I love flying small GA aircraft and when the
DA20 was released by Aerosoft I jumped at the chance to review it.
The DA20 is a two-seat tricycle gear aircraft that was designed for flight training in a cival and military role, it is also very popular with private pilots. The aircraft backs up the old aviation saying that 'what looks good will fly good', as I hope the screen-shots prove she is a beautiful looking aircraft.
About The Aircraft
The DA20 is different to other GA Aircraft because it features a control stick instead of a yoke. It is also made of a composite construction of glass and carbon-fibre reinforced plastic, a bubble canopy which is fantastic for all around visibility and a castering nose wheel. The nose wheel took some getting used to as you turn with differential breaking. The first DA20 rolled off the production line in 1994 and have a base price of around $185,000 – so Aerosoft's asking price of €27.95 isn't too bad! Owners of Aerosoft's previous DA20 can upgrade for a reduced price.
What Do You Get?
It's a GA Aircraft, how can it possibly be a complex and in depth simulation I hear you saying. My honest answer here is that if you are going to buy this add-on with this mentality you will be in for a very frustrating time. It is without a doubt the most complex GA Aircraft I have flown in FSX. I'm not talking complex FMC's and checklists, just in terms of basic operation. Aerosoft boast that the DA20 has one of the most impressive feature lists of any of their products. You have to maintain it, clean it, refuel it and even decide which type of oil to use. I'll list a few of the features below:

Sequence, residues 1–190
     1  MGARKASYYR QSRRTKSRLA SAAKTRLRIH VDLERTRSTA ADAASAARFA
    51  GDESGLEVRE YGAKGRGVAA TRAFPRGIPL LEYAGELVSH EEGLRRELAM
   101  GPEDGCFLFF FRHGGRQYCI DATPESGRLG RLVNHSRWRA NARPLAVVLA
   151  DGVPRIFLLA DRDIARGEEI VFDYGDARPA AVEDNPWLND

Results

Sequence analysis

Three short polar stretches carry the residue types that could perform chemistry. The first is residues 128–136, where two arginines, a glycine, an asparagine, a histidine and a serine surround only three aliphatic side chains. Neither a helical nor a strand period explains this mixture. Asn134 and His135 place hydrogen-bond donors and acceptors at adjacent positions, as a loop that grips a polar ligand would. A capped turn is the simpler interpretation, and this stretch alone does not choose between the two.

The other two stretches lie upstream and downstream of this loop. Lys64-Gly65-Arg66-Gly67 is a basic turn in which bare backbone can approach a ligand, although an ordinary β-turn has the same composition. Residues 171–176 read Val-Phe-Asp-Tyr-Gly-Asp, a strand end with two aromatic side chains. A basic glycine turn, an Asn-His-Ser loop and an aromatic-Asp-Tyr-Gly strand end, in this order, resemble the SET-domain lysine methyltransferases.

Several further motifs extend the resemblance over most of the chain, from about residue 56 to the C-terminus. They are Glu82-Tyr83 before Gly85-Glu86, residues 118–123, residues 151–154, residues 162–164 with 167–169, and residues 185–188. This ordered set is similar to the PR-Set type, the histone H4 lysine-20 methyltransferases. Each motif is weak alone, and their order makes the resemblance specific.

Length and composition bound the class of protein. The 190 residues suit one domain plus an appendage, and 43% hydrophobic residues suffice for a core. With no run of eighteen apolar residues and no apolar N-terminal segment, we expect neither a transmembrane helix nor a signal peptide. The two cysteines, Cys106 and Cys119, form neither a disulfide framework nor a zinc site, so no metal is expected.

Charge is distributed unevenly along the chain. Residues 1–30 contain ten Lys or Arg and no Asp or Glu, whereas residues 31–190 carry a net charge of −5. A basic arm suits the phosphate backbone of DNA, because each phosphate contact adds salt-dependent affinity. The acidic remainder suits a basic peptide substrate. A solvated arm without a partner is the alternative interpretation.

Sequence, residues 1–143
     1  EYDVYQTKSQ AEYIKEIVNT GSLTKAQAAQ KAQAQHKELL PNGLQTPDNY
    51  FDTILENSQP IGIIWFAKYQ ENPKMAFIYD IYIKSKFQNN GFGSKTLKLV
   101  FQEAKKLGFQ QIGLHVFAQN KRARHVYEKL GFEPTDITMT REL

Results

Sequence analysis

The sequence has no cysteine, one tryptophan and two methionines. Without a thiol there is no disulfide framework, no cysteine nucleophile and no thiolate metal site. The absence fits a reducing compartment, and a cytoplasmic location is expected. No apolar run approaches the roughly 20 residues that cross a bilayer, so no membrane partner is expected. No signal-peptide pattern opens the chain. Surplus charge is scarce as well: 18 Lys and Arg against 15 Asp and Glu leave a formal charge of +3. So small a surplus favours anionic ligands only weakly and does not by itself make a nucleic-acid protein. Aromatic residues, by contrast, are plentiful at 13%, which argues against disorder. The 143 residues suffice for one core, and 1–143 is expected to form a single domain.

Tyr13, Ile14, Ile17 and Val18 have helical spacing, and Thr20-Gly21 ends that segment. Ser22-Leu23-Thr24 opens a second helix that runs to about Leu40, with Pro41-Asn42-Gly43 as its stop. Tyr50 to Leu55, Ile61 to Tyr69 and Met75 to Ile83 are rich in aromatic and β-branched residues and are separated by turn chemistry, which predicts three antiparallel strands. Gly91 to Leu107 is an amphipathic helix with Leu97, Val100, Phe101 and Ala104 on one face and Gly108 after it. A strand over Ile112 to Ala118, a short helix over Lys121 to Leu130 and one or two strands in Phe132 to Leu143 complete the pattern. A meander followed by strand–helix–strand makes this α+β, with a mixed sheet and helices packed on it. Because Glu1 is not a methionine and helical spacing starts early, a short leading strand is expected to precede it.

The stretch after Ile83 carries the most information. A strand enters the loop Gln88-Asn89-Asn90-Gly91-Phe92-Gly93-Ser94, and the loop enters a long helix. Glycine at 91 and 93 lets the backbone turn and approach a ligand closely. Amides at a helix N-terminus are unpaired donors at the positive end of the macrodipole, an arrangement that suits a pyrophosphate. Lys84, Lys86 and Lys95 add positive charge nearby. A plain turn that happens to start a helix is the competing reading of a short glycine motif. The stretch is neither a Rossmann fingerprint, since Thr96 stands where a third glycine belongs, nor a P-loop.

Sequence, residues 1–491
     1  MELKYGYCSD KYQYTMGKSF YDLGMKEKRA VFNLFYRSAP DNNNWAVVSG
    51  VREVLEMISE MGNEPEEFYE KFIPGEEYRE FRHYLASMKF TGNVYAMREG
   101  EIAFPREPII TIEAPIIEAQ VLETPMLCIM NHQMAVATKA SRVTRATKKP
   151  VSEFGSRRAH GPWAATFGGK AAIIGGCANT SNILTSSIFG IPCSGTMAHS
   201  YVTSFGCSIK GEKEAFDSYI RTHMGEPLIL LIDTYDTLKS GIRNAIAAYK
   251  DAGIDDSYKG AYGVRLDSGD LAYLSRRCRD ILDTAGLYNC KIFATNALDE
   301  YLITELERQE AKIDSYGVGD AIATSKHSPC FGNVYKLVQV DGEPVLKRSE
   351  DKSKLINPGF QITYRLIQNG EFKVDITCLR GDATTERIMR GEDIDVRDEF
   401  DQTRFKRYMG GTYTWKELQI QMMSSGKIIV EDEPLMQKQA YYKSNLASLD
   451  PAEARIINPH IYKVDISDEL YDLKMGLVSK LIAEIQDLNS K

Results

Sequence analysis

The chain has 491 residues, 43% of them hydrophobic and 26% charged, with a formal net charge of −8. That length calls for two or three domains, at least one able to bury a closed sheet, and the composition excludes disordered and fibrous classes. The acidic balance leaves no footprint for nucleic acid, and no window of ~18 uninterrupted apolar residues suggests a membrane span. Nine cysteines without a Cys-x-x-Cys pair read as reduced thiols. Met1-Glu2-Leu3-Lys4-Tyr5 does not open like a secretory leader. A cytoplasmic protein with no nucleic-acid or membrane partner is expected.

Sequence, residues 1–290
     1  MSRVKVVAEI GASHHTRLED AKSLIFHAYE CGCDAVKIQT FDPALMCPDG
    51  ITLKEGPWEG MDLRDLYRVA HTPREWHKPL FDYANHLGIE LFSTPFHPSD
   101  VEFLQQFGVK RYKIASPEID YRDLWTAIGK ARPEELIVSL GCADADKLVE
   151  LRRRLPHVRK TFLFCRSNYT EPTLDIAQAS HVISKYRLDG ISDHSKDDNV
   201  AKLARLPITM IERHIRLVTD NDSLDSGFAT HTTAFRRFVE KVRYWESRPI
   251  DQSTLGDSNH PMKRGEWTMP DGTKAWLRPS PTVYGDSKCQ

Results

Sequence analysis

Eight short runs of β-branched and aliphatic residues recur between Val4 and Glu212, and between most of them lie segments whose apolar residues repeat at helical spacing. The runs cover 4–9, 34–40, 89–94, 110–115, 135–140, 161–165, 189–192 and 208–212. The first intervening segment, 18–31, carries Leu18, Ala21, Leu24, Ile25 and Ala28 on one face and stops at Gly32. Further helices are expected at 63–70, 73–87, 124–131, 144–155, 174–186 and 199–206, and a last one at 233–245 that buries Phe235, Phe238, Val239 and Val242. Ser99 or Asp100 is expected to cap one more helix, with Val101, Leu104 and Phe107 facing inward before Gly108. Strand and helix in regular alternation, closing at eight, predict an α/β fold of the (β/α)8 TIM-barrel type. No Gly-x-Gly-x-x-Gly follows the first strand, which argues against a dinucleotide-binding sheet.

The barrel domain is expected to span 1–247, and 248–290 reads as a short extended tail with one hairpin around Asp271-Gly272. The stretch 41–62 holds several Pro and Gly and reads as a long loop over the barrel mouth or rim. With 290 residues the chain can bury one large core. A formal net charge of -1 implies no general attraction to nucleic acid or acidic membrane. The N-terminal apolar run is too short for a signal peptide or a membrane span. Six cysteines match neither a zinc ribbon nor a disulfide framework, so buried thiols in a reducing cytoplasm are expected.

Oil & Fuel System
I've only scratched the surface here, I’m sure you will agree it has a very extensive list of features.
Download & Installation
As with all Aerosoft products this is a very easy process. Purchase the DA20 via the download store, download the 180mb file, run the installer and enter your email & serial number when prompted and the DA20 will install using up 300mb of disk space. It couldn't be easier and I wouldn't expect anything less than this.
Living With The DA20
That might seem like a strange title, but I really feel like I am living with this little aircraft. You have to think carefully before carrying out an action because it may have catastrophic consequences further down the line. As an example I didn't look after the engine properly and destroyed it part way through a flight, leading to an emergency landing in a field and having to repair the engine via the maintenance panel before I could fly again. It did take a while to become totally happy when flying the DA20; it's not an aircraft that you can just jump in and go.
My initial problem was a huge left turning tendency during flight; I would take off and fairly soon I would be in a 10-15 degree bank. There are various thoughts and comments about this problem on the DA20 forum on the Aerosoft website, instead I asked Mathijs Kok who advised to alter the rudder trim tabs prior to take off – and it worked. I also found that loading a passenger into the right seat helped with the balance too.
Sponge and Vacuum
Check Those Liquids
Pre-flight with the DA20 is a straight forward affair but needs to be done to make sure everything is in working order, as in the real world. You can load up the pre-flight module within FSX and go through the external walk around ticking off the items as you go. Any items that need attention are highlighted in blue so you cannot miss them. It only takes 5 minutes but needs to be done. If you have the time prior to the pre-flight walk around I suggest running the maintenance module too just to be on the safe side.